But the low prices don't just stop at necessities. If you’re looking for the best deal on headphones, all you have to do is go to the electronics coupon page and it will bring up a deal on these COWIN E7 PRO noise-canceling headphones, which are now $80, thanks to a $10 coupon you could have missed.

Alternatively, if you are looking for deals on specific brands, you can search for their coupons from the page. So if you've had your eye on the Homall S-Racer gaming chair, you’ll find there's currently a coupon that saves you 5 percent, thanks to a simple search.

To discover all the deals you have been missing out on, head over to the Amazon Coupons page.

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How Anoka, Minnesota Became the Halloween Capital of the World

A photo of Main Street in downtown Anoka, Minnesota.
A photo of Main Street in downtown Anoka, Minnesota.
123dieinafire, Public Domain // Wikimedia Commons

On November 1, 1919, the residents of Anoka, Minnesota, a suburb about 20 miles north of Minneapolis, woke up to what Smithsonian calls a “prank of epic proportions.” Outhouses were overturned, wagons were parked on roofs, and cows roamed through the streets.

The prank was part of an epidemic of Halloween-related hijinks that seemed to grow more extreme with each passing year. Civic leaders decided that the time had come for the city to do something to dissuade such mischief—or at least to keep would-be pranksters so busy that they couldn’t dream of causing trouble.

So in 1920 a Halloween committee, fronted by local businessman George Green, planned one of the first—and largest—community-wide Halloween celebrations in the United States. The 1920 celebration, featuring a parade, a bonfire, and free candy for children, and was so successful that the police received no reports of pranks.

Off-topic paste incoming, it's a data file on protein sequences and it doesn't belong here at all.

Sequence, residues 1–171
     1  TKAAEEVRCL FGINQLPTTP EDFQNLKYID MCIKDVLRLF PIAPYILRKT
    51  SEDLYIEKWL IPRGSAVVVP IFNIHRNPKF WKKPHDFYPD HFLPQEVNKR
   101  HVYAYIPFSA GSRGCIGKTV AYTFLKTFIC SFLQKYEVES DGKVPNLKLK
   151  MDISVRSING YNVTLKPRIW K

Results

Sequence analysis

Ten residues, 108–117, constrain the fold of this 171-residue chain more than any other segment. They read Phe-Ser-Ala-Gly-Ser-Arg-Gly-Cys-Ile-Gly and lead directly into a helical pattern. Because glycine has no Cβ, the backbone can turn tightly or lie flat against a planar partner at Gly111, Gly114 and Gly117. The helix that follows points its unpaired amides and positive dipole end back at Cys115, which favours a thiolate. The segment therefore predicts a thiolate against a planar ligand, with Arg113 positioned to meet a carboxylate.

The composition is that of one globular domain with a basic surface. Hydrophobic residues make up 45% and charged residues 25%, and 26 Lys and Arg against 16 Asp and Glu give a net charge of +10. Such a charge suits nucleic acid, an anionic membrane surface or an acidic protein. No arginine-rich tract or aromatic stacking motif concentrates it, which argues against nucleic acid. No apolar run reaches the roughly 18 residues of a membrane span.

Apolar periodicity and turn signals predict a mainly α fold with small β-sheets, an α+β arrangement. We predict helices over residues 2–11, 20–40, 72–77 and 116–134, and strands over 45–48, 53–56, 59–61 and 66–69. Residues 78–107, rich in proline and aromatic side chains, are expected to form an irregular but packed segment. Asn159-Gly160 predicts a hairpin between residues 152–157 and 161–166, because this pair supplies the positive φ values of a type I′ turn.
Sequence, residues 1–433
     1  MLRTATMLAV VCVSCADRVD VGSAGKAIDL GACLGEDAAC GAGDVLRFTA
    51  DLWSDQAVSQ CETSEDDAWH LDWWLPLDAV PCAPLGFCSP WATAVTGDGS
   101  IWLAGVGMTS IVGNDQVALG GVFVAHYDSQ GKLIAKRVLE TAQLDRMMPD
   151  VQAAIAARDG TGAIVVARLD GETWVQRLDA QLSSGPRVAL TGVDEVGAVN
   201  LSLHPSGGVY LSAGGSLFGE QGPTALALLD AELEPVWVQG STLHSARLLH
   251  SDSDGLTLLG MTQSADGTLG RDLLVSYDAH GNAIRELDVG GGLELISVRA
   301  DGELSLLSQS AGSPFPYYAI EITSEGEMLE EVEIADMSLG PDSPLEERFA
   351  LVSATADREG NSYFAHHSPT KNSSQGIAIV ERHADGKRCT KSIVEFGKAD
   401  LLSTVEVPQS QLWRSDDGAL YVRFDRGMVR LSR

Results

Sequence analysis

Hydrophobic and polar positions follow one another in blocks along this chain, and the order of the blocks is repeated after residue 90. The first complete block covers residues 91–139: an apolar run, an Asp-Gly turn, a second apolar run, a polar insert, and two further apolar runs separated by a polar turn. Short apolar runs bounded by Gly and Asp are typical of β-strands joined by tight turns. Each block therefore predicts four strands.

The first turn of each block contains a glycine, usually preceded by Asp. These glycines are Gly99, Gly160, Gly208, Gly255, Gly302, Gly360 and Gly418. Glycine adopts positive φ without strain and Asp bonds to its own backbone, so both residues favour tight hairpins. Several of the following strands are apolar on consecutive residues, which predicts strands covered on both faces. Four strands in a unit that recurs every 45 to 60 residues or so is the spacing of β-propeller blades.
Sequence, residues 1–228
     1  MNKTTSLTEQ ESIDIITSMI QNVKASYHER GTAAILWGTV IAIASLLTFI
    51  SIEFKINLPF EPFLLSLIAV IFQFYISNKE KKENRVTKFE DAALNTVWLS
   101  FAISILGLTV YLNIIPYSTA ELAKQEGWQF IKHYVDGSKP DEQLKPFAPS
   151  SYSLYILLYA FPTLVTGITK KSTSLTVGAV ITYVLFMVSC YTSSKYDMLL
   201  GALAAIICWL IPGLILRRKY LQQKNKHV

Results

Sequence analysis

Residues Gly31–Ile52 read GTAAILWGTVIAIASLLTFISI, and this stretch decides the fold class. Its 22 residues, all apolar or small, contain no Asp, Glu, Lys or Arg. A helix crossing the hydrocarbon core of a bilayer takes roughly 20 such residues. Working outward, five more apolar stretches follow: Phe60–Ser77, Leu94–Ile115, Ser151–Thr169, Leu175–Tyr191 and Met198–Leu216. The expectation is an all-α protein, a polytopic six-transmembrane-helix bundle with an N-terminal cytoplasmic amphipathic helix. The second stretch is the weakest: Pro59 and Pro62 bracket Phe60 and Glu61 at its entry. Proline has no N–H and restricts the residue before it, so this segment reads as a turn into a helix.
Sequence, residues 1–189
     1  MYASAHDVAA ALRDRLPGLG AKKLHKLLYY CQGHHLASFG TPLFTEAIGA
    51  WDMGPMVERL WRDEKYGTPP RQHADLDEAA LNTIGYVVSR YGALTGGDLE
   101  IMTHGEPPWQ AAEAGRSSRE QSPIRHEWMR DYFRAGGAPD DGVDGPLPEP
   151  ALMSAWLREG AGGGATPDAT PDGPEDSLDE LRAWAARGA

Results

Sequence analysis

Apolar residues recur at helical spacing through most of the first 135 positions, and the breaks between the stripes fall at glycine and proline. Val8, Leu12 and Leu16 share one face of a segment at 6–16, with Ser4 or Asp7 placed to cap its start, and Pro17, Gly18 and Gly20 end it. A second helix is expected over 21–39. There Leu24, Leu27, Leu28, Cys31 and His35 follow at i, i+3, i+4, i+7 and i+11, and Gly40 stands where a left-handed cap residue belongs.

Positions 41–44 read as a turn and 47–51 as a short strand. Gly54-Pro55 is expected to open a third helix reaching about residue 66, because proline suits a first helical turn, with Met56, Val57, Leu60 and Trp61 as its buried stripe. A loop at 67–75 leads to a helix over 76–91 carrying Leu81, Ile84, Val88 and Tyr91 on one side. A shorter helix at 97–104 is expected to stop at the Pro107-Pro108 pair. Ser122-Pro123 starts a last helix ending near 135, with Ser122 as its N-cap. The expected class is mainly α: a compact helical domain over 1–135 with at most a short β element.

The celebration only grew in subsequent years, and Anoka leaders wanted people to know it. In 1937, 12-year-old Anoka local Harold Blair was one of 200 Minneapolis Journal newspaper carriers to receive an all-expenses-paid trip to Washington, D.C. Members of the Anoka Commercial Club seized on the opportunity, sending Blair off with a request to Congress that Anoka be formally designated as the “Halloween Capital of the World.” A fire in Anoka destroyed many of the city’s earliest documents about the Halloween celebration, so it’s hard to know whether Congress approved the moniker back in the 1930s. But in 2003, Minnesota state representative Mark Kennedy restated the proclamation, officially cementing Anoka’s title.

“It’s like a pebble being dropped into a pond,” Karen George, a member of the board of directors of Halloween, Inc. (the nonprofit organization that plans Anoka’s yearly festivities), told Smithsonian in 2019. “It’s really the people of Anoka who want to enjoy this hometown festival, and then they bring along relatives and friends who tell others about it.”

Today, Anoka’s Halloween festivities have expanded to three parades instead of one, and includes other community activities such as a house decorating competition, bell ringing, and a group pumpkin smashing. In 2020, Anoka’s Halloween festival is celebrating its 100-year anniversary. By most accounts, the holiday has become a part of Anoka’s identity.

“I would say Halloween is in my bone marrow,” Anoka resident John Jost told CBS Minnesota. “Being an Anokoan, the Halloween experience is tied directly to that.”

This story has been updated for 2020.